The Republic of T.

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A Kiss Just Ain’t A Kiss

Let’s leave politics aside for the moment. It’s been a long time since I’ve written about things that really matter, and asked really important questions like “When did you know you were heterosexual?”, “What made you fall in love?”, and “What turns you on?” Too long, in fact.

So, allow me to make up for it now with an equally important question. Do you like to kiss? Before you answer, though, you might want to take a look at the latest research on kissing, and see if it matches your experience.

Here’s a hint, apparently as with the questions above, men and women tend to give different answers. And after reading the Washington Post article I find myself once again having to read between the lines when science doesn’t include or acknowledge another experience. Which is a shame. Because gay people kiss, and gay people have brainsÑwhich is apparently where the real action takes place anyway.

Fisher believes kissing is all about choosing the right mate.

“There’s so much information exchanged when you kiss someone that I just thought it must play a vital role in mate choice, and this paper is elegantly showing that,” Fisher said.

A disproportionate amount of the brain, she noted, is geared toward interpreting signals from the mouth.

“When you look at the brain regions associated with picking up data from the body, a huge amount of the brain is devoted to picking up information from the lips and tongue,” she said. “Very little of the brain is built to pick up what happens to, say, your back. There have been case reports of people being stabbed in the back without even knowing it. But even the lightest brush of a feather on your lips and you feel it intensely.”

This isn’t exactly breaking news. According to a press release, the research was done and the report published last year. I haven’t read the full report (available in PDF format) yet, but what’s in the WaPo article holds true for me, at least for the most part.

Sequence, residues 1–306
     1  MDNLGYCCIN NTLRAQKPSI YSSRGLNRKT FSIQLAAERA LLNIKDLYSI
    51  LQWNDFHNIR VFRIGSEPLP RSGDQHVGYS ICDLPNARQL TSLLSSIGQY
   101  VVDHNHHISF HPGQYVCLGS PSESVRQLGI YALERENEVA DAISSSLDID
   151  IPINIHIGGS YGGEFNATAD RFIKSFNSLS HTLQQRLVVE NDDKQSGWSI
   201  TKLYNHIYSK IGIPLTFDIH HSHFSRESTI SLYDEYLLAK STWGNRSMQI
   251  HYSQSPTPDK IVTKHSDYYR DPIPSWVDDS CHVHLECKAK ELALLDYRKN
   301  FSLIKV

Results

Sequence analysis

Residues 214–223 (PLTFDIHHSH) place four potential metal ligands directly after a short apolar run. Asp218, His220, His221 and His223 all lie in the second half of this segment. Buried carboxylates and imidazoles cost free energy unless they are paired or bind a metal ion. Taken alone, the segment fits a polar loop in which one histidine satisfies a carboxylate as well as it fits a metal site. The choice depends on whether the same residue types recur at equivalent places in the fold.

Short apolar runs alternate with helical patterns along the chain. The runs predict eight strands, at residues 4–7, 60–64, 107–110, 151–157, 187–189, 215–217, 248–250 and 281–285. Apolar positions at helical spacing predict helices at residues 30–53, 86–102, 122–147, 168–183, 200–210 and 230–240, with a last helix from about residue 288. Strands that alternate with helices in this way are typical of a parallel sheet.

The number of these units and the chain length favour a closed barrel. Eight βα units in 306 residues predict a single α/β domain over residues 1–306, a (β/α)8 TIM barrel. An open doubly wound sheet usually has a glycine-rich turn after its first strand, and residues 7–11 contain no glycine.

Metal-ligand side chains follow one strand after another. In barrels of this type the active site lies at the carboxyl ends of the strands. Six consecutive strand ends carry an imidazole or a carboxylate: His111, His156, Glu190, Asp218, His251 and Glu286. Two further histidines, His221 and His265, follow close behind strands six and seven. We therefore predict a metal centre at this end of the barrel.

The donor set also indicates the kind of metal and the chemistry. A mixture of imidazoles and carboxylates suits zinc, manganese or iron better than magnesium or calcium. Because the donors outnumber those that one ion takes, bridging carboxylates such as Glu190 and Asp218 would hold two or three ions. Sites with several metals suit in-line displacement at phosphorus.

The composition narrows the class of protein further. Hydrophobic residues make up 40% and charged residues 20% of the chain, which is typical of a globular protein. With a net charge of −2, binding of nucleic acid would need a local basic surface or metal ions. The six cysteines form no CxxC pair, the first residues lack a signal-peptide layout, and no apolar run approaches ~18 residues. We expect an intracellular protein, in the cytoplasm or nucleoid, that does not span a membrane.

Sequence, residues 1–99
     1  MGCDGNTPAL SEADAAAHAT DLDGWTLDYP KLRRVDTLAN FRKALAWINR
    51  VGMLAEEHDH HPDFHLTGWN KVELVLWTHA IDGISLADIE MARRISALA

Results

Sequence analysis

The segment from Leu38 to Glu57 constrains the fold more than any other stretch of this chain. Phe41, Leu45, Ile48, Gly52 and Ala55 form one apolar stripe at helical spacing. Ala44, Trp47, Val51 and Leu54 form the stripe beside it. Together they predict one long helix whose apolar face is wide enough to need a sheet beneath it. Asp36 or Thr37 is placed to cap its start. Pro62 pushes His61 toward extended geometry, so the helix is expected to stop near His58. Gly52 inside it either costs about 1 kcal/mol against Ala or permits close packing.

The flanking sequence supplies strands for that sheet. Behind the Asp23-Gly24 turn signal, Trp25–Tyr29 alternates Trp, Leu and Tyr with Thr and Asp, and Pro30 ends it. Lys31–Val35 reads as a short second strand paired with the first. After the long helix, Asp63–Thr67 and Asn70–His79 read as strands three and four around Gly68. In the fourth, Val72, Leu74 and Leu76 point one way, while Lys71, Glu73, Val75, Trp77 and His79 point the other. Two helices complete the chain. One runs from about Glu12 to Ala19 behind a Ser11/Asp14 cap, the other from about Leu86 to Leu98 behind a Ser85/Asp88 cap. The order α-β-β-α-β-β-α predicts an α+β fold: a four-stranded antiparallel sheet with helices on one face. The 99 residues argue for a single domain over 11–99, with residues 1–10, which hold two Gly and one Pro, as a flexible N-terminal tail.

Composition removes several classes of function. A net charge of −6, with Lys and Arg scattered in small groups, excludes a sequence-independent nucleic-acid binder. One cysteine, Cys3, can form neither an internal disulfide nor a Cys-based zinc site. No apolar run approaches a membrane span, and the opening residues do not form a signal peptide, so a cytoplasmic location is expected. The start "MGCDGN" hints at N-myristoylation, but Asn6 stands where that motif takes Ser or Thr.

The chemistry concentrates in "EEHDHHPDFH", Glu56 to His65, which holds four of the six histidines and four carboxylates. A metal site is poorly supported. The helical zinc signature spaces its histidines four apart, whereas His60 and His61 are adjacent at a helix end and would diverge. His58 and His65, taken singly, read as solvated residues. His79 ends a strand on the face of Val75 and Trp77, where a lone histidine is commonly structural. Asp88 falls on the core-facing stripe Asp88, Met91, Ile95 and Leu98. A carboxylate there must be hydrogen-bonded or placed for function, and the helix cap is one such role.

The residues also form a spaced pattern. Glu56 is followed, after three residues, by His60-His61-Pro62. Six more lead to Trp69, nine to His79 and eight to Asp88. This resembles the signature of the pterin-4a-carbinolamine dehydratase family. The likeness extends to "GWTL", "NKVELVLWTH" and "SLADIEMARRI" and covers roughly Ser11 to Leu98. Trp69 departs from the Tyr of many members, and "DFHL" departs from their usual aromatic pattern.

For example, I can relate to the three hypotheses that were pretty much confirmed by the research: that kissing is a way to assess a potential mate, promote bonding, and a way of inducing sexual arousal. Those all make sense to me, but at some points in the article it felt like I was looking at the world from the other side of a looking glass. If men and women kiss differently, and for different reasons, then I have to admit: I kiss like a girl.

Sort of.

But let me back up and answer the initial question: Do you like to kiss?

Oh. My. Good. Good-ness. If by “like” you mean that I can be perfectly happy doing that and nothing but that for hours at a time, with the right person, then my answer is yes.

It wasn’t always that way, though. See, I’ve kissed girls before. Yes, it’s true. It was just a few times when I was fooling around, just before I came out around the age of 12 or 13. I tried it, for the life of me I couldn’t figure out what the big hairy deal was that made it such a popular pass time with so many people.

Then I went off to college and kissed a guy for the first time. Not to put too fine a point on it, but all of a sudden, there it was. Big. Hairy. Deal. My brain exploded, something that never happened the times I kissed girls (during which I was thinking I must not be doing something right). In fact, an awful lot of time passed before I even thought about the fact that there was even more stuff we could do.

And I think part of what turned me on about that kiss is part of what seems to turn heterosexual women on; something I’ve written about before.

I have a confession to make. I love how men, some of them anyway, smell. Not a big surprise, I guess. After all, IÕm gay. ItÕs not unusual for me to take a deep breath, when a good looking guy happens to pass by me, stand in my general vicinity, or sit next to me on the train. In fact, itÕs almost instinctive, and Ñ depending on the guy Ñ could make me a little lightheaded and more than a little interested. The last time it happened on the train, an attractive young (20-something) got on the train Ñ hot and sweaty, fresh from an evening jog Ñ and ended up standing right next to me. If it hadnÕt been for the pole I was holding on to, I would have swooned. When I hold my husband, I close my eyes and take a deep breath.